The Fox Glacier Waterfalls were the series of waterfalls that Julie and I encountered when we finally had a chance to visit this glacial counterpart to the more famous Franz Josef Glacier in December 2009. Unlike with Franz, it didn’t seem like we could identify any waterfalls with official names (we couldn’t even identify Flute Falls, which seemed to be the only officially-named waterfall in this valley) so all we had were a bunch of photos of waterfalls that we had trouble associating with names. So if this page is a difficult read because we couldn’t single them out, well, we did our best to describe them under the circumstances.
In any case, these waterfalls were really our waterfalling excuse to talk about the Fox Glacier itself, which was the primary draw. Like Franz, this glacier was also said to be one of the fastest moving glaciers in the world, and it also could make that rare claim that it terminated into coastal rainforest. That said, it seemed to us to be noticeably quieter and less developed than the Franz Josef Glacier (including its neighbouring township) though it too saw its share of tour groups. Indeed, the waterfalls were like backdrops to the overall scenery without any of them drawing the kind of attention to stand out on its own.
Julie and I only did the glacier valley walk from the car park (see directions below) to the glacier terminus. We didn’t get a chance to do a helihike on this glacier. Yet we already started to see waterfalls coming down around the car park area as well as the access road to get there. According to our map, Flute Falls was supposed to be tumbling near one of the access roads to get here so perhaps it was one of the waterfalls we saw during the drive. Anyways, we’re not sure if these waterfalls were permanent or they benefitted from the rains that would frequently come to this end of the Southern Alps. Perhaps this uncertainty was the main reason why hardly any of these waterfalls seemed to have official names.
Nonetheless, we then proceeded to walk along the north side of the Fox River as the mostly rocky track had a somewhat long (and potentially wet) stream crossing beneath a cascade before ultimately reaching the terminus of the glacier, where we saw another cascade tumbling across the valley. There were signs warning us about tidal waves in the Fox River, and Julie and I happened to witness the reason why as we managed to hear the crack and see the thundering calving of the glacier terminus right before our eyes! Overall, we spent just under two hours doing the walk, but when Julie and I made a return visit later in the afternoon (when the weather was calmer), we only needed one hour as we stopped fewer times to take photos.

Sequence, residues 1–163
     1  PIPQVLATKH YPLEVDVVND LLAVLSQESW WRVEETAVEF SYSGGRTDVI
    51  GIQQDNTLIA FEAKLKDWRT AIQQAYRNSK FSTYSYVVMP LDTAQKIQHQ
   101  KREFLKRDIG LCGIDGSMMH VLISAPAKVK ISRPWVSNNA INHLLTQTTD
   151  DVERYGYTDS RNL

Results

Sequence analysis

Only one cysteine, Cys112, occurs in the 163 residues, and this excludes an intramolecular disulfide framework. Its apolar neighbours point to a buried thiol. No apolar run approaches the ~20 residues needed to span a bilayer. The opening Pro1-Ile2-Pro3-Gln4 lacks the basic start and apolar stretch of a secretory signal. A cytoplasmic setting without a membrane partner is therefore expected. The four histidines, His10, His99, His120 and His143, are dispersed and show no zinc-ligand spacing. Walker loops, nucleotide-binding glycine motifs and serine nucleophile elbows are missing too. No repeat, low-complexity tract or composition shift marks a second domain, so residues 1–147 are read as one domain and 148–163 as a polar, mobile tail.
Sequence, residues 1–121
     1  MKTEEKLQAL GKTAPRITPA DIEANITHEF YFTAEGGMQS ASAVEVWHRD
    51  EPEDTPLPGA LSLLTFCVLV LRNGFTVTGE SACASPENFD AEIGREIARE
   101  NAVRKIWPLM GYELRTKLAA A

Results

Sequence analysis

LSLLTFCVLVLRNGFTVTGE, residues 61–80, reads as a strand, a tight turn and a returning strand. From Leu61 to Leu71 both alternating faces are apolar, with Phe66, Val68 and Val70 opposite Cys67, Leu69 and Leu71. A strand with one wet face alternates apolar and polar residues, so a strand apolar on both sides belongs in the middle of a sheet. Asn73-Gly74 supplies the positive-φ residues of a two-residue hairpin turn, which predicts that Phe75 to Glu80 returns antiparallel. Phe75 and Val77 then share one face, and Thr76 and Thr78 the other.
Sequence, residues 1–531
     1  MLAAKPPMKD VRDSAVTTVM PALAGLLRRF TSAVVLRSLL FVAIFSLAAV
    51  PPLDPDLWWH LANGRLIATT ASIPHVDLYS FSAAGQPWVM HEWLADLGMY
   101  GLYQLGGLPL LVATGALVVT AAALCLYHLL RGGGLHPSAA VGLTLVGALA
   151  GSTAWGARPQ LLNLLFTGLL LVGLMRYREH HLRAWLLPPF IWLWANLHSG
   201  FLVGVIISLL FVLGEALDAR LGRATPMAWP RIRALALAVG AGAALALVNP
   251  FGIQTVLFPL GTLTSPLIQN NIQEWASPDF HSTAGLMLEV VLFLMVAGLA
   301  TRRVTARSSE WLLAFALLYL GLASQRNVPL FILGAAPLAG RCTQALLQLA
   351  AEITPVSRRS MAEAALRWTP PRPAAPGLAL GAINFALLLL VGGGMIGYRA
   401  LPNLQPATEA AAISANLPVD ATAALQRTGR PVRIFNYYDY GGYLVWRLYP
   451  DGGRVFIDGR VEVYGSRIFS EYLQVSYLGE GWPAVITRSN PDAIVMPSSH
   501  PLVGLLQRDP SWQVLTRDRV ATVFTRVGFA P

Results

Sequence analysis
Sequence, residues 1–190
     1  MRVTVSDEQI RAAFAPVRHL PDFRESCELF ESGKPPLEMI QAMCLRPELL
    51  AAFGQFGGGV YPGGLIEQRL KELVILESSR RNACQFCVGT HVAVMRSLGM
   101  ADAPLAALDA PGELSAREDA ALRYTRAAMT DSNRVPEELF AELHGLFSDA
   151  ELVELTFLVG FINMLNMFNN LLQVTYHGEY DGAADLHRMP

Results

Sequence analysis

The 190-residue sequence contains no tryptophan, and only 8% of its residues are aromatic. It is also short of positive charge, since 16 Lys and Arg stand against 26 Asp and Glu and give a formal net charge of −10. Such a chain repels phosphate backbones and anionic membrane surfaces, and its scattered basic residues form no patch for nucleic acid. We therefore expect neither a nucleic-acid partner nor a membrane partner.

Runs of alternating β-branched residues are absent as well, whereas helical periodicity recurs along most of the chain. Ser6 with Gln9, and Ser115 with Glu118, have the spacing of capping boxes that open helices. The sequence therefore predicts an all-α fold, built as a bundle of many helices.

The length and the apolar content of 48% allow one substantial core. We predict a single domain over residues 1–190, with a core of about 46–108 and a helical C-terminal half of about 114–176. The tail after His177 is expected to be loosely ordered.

The turnoff for Fox Glacier is about 2km south of the Cook Flat Road/SH6 intersection (in the Fox Glacier township). Turning left onto the access road from the town centre, proceed for just under 4km to the car park at the end of the road.
If you’re coming from the south and heading north, the turnoff is on the right just past the bridge over the Fox River.
Note there’s also an access road to the south of the Fox River just before (as you’re heading north) the bridge. This took us to an overlook, but I didn’t recall it taking us to the glacier itself.
For geographical context, the Fox Glacier township was 23km (30 minutes drive) west of the Franz Josef Glacier township, 157km (2 hours drive) south of Hokitika, 196km (2.5 hours drive) south of Greymouth, and 327km (4 hours drive) north of Queenstown.
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